Einstein’s Mass-Energy Equation

From

Conservation of Energy and Conservation of Momentum

Sir Kevin Aylward B.Sc., Warden Of The King’s Ale

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Overview:

There are many alternate theories proposed to Einstein's famous  . This paper gives those Tellytubbian views a right good shafting. Without naming any typical offenders (David de Hilster, http://www.autodynamics.org ) some, are fatally flawed. This is due to the allowance of infinitely continuous pints of Guinness, or none at all. With that in mind, which is somewhat difficult after a few, the following is a derivation of the only form of the mass equation possible, assuming energy and momentum conservation are both still valid, which I do as my mum said so.  Proof:

So, lets start with the well-known old stuff by the man who stood on the jolly green giant, to wit the relations of energy and momentum, thus:  Conservation of momentum - (1)    Conservation of energy - (2)  If we assume that the kinetic energy of a moving body is determined by any arbitrary function of velocity, and simply allow the Guinness mass*(see bottom of page) to vary with velocity we have, in very general terms:  - (3)  Where m(v), the mass, is an arbitrary function of velocity, k2 and  α are arbitrary constants.

We can therefore immediately write:    And since,  , we can write      Differentiating both sides of the equation w.r.t:                This equation can be immediately integrated as the R.H.S. is an exact differential:        - (4)    So there you have it, no sweat at all. The form of the classic relativistic mass equation, without all that high-brow space-time posturing taken by some of those people that think they're clever, but are really just a pain in the arse to those of us that are.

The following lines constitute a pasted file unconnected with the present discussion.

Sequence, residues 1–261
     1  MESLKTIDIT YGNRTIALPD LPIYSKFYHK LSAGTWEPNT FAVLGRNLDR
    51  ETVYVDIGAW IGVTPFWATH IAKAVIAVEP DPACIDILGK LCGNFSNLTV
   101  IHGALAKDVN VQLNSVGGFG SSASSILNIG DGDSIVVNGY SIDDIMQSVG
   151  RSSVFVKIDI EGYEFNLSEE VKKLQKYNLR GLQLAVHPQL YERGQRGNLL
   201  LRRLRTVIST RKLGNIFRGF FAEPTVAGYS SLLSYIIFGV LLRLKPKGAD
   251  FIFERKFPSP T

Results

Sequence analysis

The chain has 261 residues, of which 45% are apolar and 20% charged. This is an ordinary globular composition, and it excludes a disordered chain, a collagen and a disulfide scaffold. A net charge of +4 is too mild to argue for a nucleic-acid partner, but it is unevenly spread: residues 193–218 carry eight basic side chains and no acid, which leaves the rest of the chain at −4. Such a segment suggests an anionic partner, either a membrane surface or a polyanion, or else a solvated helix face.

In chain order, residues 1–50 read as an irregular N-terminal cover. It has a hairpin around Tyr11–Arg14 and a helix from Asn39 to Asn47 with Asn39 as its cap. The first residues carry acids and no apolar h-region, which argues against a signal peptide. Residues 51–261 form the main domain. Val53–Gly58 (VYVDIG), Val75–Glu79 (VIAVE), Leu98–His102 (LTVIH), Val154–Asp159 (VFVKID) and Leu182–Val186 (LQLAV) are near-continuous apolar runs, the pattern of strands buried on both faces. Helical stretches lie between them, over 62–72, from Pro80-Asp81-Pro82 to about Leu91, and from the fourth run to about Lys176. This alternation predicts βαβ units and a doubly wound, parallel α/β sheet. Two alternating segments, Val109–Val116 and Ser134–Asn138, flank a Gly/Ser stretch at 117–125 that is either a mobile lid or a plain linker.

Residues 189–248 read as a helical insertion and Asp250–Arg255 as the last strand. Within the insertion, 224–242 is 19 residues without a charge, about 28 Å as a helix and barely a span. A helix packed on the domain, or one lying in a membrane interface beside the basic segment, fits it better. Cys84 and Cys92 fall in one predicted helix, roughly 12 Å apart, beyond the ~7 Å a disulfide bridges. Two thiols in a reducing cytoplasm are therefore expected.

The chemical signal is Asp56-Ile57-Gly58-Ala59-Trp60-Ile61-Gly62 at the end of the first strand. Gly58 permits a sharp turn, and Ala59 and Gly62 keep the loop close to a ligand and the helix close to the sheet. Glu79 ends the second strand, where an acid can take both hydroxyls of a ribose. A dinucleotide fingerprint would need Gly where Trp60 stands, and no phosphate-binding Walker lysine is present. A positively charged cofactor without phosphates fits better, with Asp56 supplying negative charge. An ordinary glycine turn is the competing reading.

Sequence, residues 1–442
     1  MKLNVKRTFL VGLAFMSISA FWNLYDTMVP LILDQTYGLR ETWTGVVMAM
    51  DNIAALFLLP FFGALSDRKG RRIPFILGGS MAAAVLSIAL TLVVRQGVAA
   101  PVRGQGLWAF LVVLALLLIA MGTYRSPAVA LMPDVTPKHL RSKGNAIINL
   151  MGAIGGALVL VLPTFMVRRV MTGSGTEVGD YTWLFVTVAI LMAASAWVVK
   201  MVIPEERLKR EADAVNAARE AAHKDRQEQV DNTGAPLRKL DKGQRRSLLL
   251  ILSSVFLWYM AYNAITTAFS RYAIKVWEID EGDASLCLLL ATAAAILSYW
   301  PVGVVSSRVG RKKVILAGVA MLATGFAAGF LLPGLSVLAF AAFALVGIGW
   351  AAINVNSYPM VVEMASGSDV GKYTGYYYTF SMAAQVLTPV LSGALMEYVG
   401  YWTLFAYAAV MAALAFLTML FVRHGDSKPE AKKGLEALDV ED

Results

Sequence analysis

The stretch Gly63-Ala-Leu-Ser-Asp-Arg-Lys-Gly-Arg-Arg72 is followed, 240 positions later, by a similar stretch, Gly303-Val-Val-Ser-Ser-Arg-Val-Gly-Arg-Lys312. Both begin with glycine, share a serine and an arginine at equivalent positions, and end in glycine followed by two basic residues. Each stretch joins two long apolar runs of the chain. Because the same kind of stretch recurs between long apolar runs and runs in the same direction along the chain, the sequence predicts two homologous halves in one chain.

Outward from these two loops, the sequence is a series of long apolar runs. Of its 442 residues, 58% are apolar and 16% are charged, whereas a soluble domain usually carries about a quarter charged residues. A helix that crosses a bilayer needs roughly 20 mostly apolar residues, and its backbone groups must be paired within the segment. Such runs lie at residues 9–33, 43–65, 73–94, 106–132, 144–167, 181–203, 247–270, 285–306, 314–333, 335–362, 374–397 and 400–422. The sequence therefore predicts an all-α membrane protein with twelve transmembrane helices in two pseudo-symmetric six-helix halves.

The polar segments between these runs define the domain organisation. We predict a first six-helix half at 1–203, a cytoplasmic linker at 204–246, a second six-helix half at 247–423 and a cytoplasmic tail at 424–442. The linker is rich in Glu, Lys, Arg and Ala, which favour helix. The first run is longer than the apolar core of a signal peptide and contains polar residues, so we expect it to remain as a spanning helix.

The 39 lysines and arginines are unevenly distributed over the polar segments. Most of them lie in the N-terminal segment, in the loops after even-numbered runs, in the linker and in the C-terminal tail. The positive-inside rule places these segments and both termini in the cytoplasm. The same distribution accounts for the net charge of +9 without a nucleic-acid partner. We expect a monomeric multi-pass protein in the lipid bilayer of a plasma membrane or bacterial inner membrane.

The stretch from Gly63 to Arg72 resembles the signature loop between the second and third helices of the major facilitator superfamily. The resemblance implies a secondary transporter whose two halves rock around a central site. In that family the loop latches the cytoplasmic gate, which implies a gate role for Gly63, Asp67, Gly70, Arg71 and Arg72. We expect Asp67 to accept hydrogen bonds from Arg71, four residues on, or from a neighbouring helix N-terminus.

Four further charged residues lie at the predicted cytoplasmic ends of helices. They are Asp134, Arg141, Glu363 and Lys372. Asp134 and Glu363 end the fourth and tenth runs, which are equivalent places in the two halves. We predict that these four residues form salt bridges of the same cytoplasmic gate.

Although it is not possible to show that k is c, the speed of light, in this derivation, we know its so cos Einstein said so, so it must be true.

And substituting back into to - (3), with suitable initial conditions will give:    Or    And, cos we need this later for the "GR for Teletubbys" section we rearrange, with k=c:    and with    then:    Now define the total energy, E by:    So that    Identifying a rest energy term and a kinetic energy term. This bit is all rather a bit waffley really, but there you go…

And as a note, this concept of mass variation is really a little dated. Modern SR does not consider the mass to vary. Mass is an invariant. Momentum is redefined to achieve the same, but much more general effect as the result shown here.

Summary:

From these equations, all other relativistic equations can be derived, such as length contraction and time dilation. This direct derivation of the Einstein equation makes alternative theories quite dubious, in as much that the most fundamental, basic laws of Physics would have to be replaced, i.e. the laws of Energy and/or Momentum conservation.

© Kevin Aylward 2000 - 2015